Opening statements begin in Islamic State trial in Phoenix

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Prosecutors opened their case Wednesday against a man they portrayed as an Islamic State follower and the driving force behind a plot to attack an anti-Islam cartoon contest last year, calling him the leader of a team "set on mass murder."

Abdul Malik Abdul Kareem, a 44-year-old owner of a moving company, is believed to be the first person to stand trial in the U.S. on charges related to Islamic State. He is charged with helping plan a violent attack last year at Prophet Muhammed cartoon contest in Texas in which two associates were killed after they showed up at the event with semiautomatic rifles and an Islamic State flag.

Prosecutor Kristen Brook portrayed Kareem as being obsessed with Islamic State as it began a global terrorism menace last year, going so far as to indoctrinate a child in his neighborhood by showing him Internet videos of the group's militants burning a Jordanian pilot in a cage. She said he was instrumental in helping Elton Simpson and Nadir Soofi in their thwarted attack on the cartoon contest before the pair was killed by an officer.

"The defendant was the bankroller, trainer and motivator in the plot," she told the jury.

Kareem's lawyer rejected the government's characterization of him being the driver of the attack. Daniel Maynard said Kareen had no knowledge that Simpson and Soofi were going to Texas to carry out an attack.

"This is an overactive imagination for the government," he said.

The U.S. government began its case against Kareem by explaining to the jury the origins and methods of Islamic State and describing how he became an avid follower in early 2015. She said Kareem, Simpson and Soofi watched terrorism videos, beheadings and Islamic State propaganda clips, and had a reverence for anything coming from Anwar al-Awlaki, the American-born radical cleric killed in a CIA drone strike in 2011.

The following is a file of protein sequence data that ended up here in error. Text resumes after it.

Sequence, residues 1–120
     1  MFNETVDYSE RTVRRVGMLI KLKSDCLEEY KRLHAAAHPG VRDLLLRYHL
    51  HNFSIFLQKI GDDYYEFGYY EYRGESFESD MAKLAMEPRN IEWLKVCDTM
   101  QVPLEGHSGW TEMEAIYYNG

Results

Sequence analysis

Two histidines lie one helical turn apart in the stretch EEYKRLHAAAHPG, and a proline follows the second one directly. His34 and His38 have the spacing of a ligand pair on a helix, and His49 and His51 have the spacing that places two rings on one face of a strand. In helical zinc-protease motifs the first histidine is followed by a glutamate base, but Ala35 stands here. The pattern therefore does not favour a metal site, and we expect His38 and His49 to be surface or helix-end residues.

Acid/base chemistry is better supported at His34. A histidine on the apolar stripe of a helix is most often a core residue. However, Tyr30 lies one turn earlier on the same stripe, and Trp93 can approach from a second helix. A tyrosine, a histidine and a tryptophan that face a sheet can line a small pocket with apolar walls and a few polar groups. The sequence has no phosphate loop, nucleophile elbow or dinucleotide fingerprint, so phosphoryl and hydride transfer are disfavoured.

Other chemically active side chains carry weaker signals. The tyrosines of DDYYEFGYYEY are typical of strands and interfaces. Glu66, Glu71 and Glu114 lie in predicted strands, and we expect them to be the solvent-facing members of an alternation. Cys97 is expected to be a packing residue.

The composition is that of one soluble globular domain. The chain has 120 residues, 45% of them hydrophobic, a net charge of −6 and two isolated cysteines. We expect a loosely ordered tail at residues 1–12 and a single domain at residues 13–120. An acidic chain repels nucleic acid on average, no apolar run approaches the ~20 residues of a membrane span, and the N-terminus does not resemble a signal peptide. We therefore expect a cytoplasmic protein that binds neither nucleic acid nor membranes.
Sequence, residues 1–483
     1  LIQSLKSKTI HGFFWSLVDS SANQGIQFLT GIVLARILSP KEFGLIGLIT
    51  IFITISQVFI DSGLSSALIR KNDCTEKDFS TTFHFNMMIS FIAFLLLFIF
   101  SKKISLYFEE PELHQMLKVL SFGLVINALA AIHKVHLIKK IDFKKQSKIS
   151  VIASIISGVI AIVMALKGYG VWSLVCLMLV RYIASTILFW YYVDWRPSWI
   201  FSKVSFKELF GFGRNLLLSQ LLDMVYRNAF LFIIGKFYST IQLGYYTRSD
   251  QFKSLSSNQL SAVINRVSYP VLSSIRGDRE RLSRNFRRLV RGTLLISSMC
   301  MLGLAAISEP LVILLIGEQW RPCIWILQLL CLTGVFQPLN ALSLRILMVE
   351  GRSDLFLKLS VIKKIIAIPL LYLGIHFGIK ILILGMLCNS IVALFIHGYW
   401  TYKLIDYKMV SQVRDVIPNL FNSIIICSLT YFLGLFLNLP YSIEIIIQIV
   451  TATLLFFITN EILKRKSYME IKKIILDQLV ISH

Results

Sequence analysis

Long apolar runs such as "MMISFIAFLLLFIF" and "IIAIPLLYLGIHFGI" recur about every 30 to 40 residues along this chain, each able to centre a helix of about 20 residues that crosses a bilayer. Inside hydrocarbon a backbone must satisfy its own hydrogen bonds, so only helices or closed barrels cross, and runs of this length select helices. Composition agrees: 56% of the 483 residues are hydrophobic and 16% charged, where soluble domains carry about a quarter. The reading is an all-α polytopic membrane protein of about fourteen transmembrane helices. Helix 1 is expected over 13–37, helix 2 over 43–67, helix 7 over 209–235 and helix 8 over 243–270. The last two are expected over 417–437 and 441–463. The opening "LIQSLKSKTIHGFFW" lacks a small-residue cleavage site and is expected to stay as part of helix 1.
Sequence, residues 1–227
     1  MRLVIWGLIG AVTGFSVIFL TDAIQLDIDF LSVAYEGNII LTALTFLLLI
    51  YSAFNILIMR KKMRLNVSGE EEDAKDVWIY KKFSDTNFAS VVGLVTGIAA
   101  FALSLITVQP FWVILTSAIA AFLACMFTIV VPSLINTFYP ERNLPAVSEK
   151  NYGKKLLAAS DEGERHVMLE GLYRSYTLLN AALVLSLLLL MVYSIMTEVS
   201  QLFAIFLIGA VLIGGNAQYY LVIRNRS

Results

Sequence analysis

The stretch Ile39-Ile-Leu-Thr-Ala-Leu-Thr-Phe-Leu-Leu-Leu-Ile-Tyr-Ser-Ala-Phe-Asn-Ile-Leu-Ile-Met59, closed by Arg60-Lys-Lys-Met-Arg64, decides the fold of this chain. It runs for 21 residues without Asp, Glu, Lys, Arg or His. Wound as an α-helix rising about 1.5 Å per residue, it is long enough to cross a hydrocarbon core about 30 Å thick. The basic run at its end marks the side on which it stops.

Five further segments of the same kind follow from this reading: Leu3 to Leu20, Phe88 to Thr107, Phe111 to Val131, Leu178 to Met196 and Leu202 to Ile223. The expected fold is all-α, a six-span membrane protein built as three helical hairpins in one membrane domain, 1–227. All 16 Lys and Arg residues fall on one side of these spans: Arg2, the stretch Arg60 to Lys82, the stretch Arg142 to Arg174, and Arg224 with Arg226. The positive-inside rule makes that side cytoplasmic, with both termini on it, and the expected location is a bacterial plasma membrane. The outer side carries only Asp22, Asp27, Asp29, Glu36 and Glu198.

She said they originally wanted to acquire explosives to blow up the stadium hosting the 2015 Super Bowl and a nearby shopping center. When that plan failed to materialize, they set their sights on the cartoon contest in Garland, Texas. Brook cited tweets by Simpson in which he posted a photo of al-Awlaki and said "when will they ever learn," after learning of more prizes available at the contest.

Kareem faces charges including conspiracy to support Islamic State. Brook said he knew Simpson and Soofi were followers of Islamic State but still helped them carry out the attack, including buying weapons and showing them how to shoot and clean the guns.

"The defendant was the third man on a team set on mass murder." she said. "Two were killed one remains."

The courtroom has become a new front against Islamic State as the government attempts to crack down on followers of the terrorist organization.

The U.S. government has charged 78 people with crimes related to the Islamic State group since March 2014, said Karen J. Greenberg, director of the Fordham Law School's Center on National Security, which tracks terrorism cases. While 24 people charged with crimes related to the radical group have pleaded guilty, no one has yet gone to trial on such charges.